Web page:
‘Brigador, Up-Armored EP’ delivers heavy-duty rockin’ neo-80’s cyberpunk dreamwave by the mech-load.
‘Brigador, Up-Armored EP’ is at times post-apocalyptic ambience, and others a swell of in-the-thick-of-it cyberpunk espionage. Narrative threads weave tales of a government in need of overthrowing and missions involving mech-based anarchy through spoken narrations, enriching and evolving ‘Brigador, Up-Armored EP’s themes above tonal speculation. Tumultuousness oozes from track to track with thematic ease, and deliver distilled dreamwave you’re going to love.
Choose the mechanized horror of your discontent, strap in, and stride guns blazing into the full review of ‘Brigador, Up-Armored EP’!
Greetings, readers! It’s about that time, eh chaps? While it has certainly felt like an eternity since I wrote my last album review (which you can read HERE), it’s good to be back! As I’m here to administer another dose of Chip Treatment the Professor Oakes way, it is with great pleasure to do so by reviewing ‘papillons’ by xyce—so sit tight and read up!
Released by CheapBeats, the label for the Tokyo-based chiptune and lo-fi event of the same name, ‘papillons’ continues to take the chiptune world by storm with Tom Offringa and Roel Heerspink’s release that hit Bandcamp on June 8, 2013. While the two musicians contribute to chip music as their solo acts xylo and cerror respectively, xyce is incredibly prolific as a duo. Hailing from Holland, the two met on a Dutch online forum (which you can read about all about in the interview with Kuma HERE) and joined forces around 2005/2006. Mustering inspiration that varies from France Gall, The Weepies, Children of Bodom, to other chiptune musicians and the demoscene itself (which Heerspink has been a member of since 2001), this bitpop duo’s album boasts 16 remarkable tracks using various hardware including the Amiga 500 and Atari 1040 STe. Coupled with album artwork by m7kenji—a Japanese game app developer who designed ‘Bugtronica’ and the Blip Festival Tokyo 2011 mobile schedule—xyce takes their listeners on a journey as they push the boundaries of the intersection between old school cracktro melodies and a bouncy Europop flare.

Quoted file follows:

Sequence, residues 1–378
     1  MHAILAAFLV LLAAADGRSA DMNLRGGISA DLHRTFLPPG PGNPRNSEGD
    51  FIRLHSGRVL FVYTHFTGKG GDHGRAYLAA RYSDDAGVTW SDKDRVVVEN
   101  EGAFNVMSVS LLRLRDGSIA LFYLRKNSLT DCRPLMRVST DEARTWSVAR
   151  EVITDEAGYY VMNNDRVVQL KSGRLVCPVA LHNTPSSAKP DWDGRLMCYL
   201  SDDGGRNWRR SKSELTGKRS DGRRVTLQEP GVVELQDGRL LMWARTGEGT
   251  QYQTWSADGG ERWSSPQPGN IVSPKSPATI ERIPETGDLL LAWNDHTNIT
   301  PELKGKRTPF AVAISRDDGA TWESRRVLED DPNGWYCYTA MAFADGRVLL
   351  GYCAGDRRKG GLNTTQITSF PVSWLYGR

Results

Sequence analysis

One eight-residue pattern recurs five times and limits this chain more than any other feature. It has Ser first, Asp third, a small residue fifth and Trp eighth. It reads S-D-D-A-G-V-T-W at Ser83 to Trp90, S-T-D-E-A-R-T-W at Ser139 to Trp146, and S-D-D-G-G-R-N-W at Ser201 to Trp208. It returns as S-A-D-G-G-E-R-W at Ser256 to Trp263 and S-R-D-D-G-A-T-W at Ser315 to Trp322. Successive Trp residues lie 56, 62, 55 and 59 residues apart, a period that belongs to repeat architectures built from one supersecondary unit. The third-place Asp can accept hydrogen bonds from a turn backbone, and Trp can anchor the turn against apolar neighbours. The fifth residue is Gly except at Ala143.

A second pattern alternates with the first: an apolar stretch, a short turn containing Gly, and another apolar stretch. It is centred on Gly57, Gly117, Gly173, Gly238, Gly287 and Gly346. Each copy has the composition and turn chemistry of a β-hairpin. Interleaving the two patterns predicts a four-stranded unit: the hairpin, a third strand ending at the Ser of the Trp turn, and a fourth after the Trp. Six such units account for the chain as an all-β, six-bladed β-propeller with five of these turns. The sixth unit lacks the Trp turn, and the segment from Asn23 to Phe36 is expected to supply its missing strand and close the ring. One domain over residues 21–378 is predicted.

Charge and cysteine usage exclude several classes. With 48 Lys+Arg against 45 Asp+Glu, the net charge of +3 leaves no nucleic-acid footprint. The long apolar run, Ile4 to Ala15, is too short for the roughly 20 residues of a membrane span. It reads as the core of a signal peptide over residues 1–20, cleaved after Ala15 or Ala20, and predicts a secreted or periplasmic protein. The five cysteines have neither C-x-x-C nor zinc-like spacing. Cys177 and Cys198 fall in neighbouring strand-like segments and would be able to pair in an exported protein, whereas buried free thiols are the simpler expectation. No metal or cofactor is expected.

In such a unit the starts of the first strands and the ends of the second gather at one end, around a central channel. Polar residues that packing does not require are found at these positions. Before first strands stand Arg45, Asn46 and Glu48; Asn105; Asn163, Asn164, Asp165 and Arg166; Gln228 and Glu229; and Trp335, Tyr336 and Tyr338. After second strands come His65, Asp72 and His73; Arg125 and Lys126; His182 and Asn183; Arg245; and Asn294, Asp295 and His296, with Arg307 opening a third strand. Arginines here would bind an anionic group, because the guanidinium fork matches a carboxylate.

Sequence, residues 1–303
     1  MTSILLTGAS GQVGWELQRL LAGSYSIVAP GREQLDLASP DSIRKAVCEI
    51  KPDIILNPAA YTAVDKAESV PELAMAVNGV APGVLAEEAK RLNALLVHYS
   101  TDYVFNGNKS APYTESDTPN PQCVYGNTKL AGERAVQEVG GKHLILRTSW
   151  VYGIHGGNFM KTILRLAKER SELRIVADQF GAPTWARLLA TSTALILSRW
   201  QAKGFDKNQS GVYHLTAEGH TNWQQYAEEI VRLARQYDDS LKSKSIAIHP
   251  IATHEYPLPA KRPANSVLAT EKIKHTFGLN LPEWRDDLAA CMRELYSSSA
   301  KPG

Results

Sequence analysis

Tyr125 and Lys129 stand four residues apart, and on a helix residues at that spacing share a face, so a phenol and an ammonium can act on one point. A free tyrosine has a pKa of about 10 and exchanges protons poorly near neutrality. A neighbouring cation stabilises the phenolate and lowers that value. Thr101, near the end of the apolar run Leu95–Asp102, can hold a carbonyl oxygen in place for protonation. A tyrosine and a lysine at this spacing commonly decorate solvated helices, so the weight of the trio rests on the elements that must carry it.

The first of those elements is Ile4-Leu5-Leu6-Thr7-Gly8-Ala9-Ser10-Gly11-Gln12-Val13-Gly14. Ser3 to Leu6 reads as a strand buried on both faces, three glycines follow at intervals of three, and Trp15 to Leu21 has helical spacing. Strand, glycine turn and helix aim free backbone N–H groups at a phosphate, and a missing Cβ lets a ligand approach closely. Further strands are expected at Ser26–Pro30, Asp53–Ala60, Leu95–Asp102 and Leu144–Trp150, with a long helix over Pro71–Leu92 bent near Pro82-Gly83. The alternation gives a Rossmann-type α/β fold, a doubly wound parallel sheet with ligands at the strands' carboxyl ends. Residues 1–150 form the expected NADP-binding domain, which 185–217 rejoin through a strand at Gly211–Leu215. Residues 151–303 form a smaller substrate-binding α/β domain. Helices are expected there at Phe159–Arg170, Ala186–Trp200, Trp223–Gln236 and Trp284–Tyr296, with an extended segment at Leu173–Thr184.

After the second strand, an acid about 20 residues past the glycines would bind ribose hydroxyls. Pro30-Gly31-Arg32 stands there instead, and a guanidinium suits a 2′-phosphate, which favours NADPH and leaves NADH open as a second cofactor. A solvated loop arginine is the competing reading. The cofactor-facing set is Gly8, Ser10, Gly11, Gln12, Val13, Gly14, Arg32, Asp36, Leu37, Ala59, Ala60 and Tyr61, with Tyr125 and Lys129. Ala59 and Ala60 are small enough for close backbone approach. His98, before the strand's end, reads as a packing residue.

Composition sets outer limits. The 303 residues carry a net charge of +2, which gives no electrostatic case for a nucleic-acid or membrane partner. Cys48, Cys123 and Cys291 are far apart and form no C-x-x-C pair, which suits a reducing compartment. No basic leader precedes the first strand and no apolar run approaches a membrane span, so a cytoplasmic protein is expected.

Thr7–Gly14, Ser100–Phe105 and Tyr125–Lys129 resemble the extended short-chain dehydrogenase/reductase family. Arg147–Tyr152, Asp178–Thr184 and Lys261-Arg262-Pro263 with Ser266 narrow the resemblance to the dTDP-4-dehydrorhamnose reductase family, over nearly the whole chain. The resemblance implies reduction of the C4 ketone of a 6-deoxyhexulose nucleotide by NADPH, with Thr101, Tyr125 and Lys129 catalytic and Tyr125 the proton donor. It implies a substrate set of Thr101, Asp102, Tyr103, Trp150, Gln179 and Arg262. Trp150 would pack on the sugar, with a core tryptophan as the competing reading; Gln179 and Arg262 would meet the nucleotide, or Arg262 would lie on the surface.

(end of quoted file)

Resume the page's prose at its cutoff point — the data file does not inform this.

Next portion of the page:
Receiving wide support from Bryan C (bryface), Mark Knight (TDK), and David Thorn (Dasid) on Bandcamp, as well as a listening party via 8 Bit Power Hour on 8bitx.com, ‘papillons’ opens up with ‘cloture de jardin’, which translates to ‘garden fence’. While it’s interesting to take note that the track titles, including the album name itself, are in French, such decision instills an incrediblely airy and flowy vibe that seems to take flight as the album progresses. ‘cloture de jardin’, a wonderful precursor to the latter tracks of the album, was composed using an Open ModPlug Tracker ran on Windows 7 (20 channel.xm at 148kb.) However, while I’m sure knowing each and every channel specifics mean a great deal to many musicians I know, xyce has put forth that by making music on different machines, their focus is always the same—melody—and melody is always key regardless of the channels used. Logistics aside, ‘cloture de jardin’ is a wonderful spring-like tune (which reminds me a lot of TQ-Jam) that is sure to have your body groovin’ in place and foot tapping within the first 30 seconds.
‘rainbow dash!’, xyce’s first collaboration on the album (the other being the ending title track with malmen), features RADix, Jakob Svanholm’s project that has earned him a respectable reputation through composing Amiga tunes in the 1990’s. With a hypnotizing key pattern, ‘rainbow dash!’ has an incredibly distinctive melody that changes form throughout the song. Most accurately compared to a melodic rollercoaster, ‘rainbow dash!’ throws its listeners into a whirlwind of adrenaline-pumping reactions that’s very reminiscent of accompanying a video game player in a side-scrolling running sequence. Notably, ‘rainbow dash!’ builds in tempo very early, levels off midway, and then spirals down the latter half of the track.
‘subsonique deux’, very appropriately mastered near the conclusion of ‘papillons’, is the longest track of the bunch and happens to be my personal favorite. Oozing at the seams with an unforgettable cyberpunk rhythm on the Amiga 500, ‘subsonique deux’ is a wonderful example of xyce’s ability to create melodies and key patterns that are undoubtedly polar opposites of the spring-like tracks such as ‘cloture de jardin’. Within the first 30 seconds, listeners are forced to strap in as they are catapulted into what feels like a high-speed jet race. The track, which formally translates to ‘subsonic two’ in English, breaks out in a fusion of Breakbeat and Drum and Bass kicks and breakdowns similar to that of artists such as Pendulum and The Prodigy around the 1 minute and 45 second mark.
While I have reviewed only three tracks that depict the eclectic style and tone of the album, keep in mind that there are 13 other wonderful ones! That being said, ‘papillons’ can be purchased through Bandcamp digitally for $5, or the hard copy for $10, which ships out to your door within three days. Either which way, this is an album I definitely recommend buying (if you haven’t already!) as I assure you it’ll make its way to your list of top favorites.
That’s all ChipWiners! Until next time on Chip Treatment—Professor Oakes signing off!
Gotta hand it to Hoodie, this interview exists basically because of him.
Throughout the course of this month, I had a hard time finding something that really “clicked”. You know the feeling, right? The feeling you get when you’ve listened to a ton of music but upon further self-revision of your collection (regardless of how big it is), you start to feel uninterested.